Illuminating Surgery’s Brilliant New Frontier

The OnLume Imaging System Illuminates Critical Anatomy in Real-Time During Surgery to Improve Surgical Precision.

The fluorescence image quality generated by the OnLume Imaging System is grounded by a robust and growing body of science that has informed rigorous research and development; these advancements have the end goals of improved patient outcomes, increased procedural efficiency, and fewer surgical complications. 

Let’s explore the basics of the scientific concepts and technologies that are the core of OnLume’s advancements.  

Fluorescence is the emission of light by a molecule after being stimulated by incoming light. When a light source of a particular wavelength is shined onto a molecule, electrons may be excited to a temporary, higher energy state. As an electron returns to its original state very quickly (less than a nanosecond!), it gives off light of a longer wavelength. Fluorescence imaging for medical applications consists of “exciting” a fluorescent drug with light and then detecting the resulting emitted light in order to determine where the drug has gone within the body. These fluorescent drugs are highly versatile and can be used to target and image cancer cells, nerve fibers, or blood flow in real-time during surgical procedures.

What is fluorescence-guided surgery (FGS)? How does OnLume advance FGS? 

Fluorescence-guided surgery is a medical imaging technique that uses fluorescent drugs to help surgeons identify critical anatomy and assess function during surgical procedures, allowing a surgeon to see what would otherwise be invisible to the naked eye. It can also allow improved visualization of structures that are under the surface of a patient’s skin or surgical site.

The OnLume Imaging System’s low latency in the displayed hybrid white light/fluorescence video allows surgeons to directly manipulate the surgical field while viewing the fluorescence, enabling true “real time” procedural visualization.

Another benefit of fluorescence-guided surgery is the lack of ionizing radiation exposure to the patient or medical team while providing contemporaneous feedback, unlike modalities like intra-operative x-ray angiography. OnLume FGS is complementary to preoperative imaging techniques such as MRI, PET, and CT.

When the fluorescent drug is introduced to the body, it binds preferentially to specific proteins, cells, or structures. For this reason, surgery enhanced with fluorescence guidance offers surgeons more information than visual inspection or tactile feedback alone, enhancing their ability to truly assess tissue type and function. They can use this information to monitor blood flow and perfusion, prevent removal of healthy tissue, and optimize surgical outcomes. 

Cancer surgery applications of FGS are incredibly promising, and OnLume is working to further develop this clinical innovation through collaboration with novel targeted agents.  Tumor-specific drugs that deliver fluorescent dyes to cancer cells may help surgeons identify residual diseased tissue that could regrow or metastasize, preventing additional procedures or therapies.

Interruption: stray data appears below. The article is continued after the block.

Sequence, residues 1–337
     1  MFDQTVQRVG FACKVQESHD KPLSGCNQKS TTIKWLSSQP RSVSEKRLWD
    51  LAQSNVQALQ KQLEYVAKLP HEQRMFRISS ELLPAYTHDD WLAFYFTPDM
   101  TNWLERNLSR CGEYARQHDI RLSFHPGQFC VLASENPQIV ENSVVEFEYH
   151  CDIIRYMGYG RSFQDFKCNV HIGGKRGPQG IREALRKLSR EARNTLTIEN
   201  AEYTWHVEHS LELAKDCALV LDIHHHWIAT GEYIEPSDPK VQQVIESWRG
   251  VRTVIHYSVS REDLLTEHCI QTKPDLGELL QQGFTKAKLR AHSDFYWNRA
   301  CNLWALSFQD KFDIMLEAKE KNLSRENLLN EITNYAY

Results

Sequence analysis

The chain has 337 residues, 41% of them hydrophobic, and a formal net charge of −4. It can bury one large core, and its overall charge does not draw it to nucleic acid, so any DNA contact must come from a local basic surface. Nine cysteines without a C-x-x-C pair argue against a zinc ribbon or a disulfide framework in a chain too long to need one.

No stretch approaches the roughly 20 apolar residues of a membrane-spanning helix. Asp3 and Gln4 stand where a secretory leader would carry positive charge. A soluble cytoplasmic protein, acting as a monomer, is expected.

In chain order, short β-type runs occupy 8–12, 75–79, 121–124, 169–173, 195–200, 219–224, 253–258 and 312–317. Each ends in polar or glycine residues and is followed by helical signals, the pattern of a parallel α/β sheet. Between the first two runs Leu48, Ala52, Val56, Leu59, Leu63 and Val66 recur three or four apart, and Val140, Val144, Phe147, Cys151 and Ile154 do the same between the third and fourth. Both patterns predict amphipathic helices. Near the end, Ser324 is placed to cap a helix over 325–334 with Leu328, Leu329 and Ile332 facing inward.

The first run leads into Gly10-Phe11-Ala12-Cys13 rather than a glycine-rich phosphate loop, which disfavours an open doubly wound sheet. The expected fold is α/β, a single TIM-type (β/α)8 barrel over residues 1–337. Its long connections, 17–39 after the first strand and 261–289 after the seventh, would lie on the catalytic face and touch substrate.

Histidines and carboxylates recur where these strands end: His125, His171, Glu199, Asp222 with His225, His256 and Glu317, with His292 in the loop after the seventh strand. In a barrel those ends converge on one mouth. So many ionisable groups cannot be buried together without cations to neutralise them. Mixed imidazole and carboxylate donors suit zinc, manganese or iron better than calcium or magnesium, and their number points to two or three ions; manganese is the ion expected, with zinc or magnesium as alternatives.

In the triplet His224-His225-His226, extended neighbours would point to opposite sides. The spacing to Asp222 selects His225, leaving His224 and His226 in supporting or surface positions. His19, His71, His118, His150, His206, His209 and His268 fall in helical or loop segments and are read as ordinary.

OnLume has received US FDA 510(k) clearance for fluorescence imaging of blood flow and tissue perfusion before, during, and after vascular, gastrointestinal, organ transplant, plastic, reconstructive, and micro surgeries. The primary fluorescent agent used for these procedures is indocyanine green (ICG).

How will adoption of FGS affect surgeons, healthcare systems, and patients?

There is a dramatic opportunity for FGS to improve surgical outcomes in challenging procedures where compromised visibility or tissue delineation leads to lack of clinical certainty.

Examples of the indications where FGS could enhance surgical outcomes include:

Vascular and Reconstructive Surgery

  • 15 to 25% of cases require revision surgeries due to the inability to affirm proper perfusion while in the operating room1

Head and Neck Surgery

  • Up to 25% of cases result in surgical nerve damage2

Cancer Surgery

  • 23-38% recurrence in breast cancer due to residual cancer at margins3

Through enhanced real-time imaging of anatomic structures, OnLume provides surgeons with the information needed to make critical intra-operative decisions that lead to improved surgical outcome.

Leveraging advances in medical physics, engineering, and imaging with precisely engineered technology, real-time visualization, best-in-class ergonomics and performance, the OnLume Imaging System shines a powerful light leading to a future of more precise surgical procedures.

We have demonstrated that ICG fluorescence imaging enhances plastic surgeons’ assessment of supermicrosurgical anastomoses and provide real-time feedback to surgeons.4


  1. Robertson et al, (2017) Breast Cancer. 10.2147/BCTT.S81712.
  2. Antoniadis et al, (2014) Dtsch Arztebl Int. 10.3238/arztebl.2014.0273.
  3. Tringale et al, (2018) WIREs Sys Bio and Med. 10.1002/wsbm.1412.
  4. Albano et al, (Sept. 2020) The Addition of Fluorescence to the University of Wisconsin “Blue-Blood” Chicken Thigh Model Significantly Enhances Its Effectiveness As a Supermicrosurgery Training Tool. PRS GO.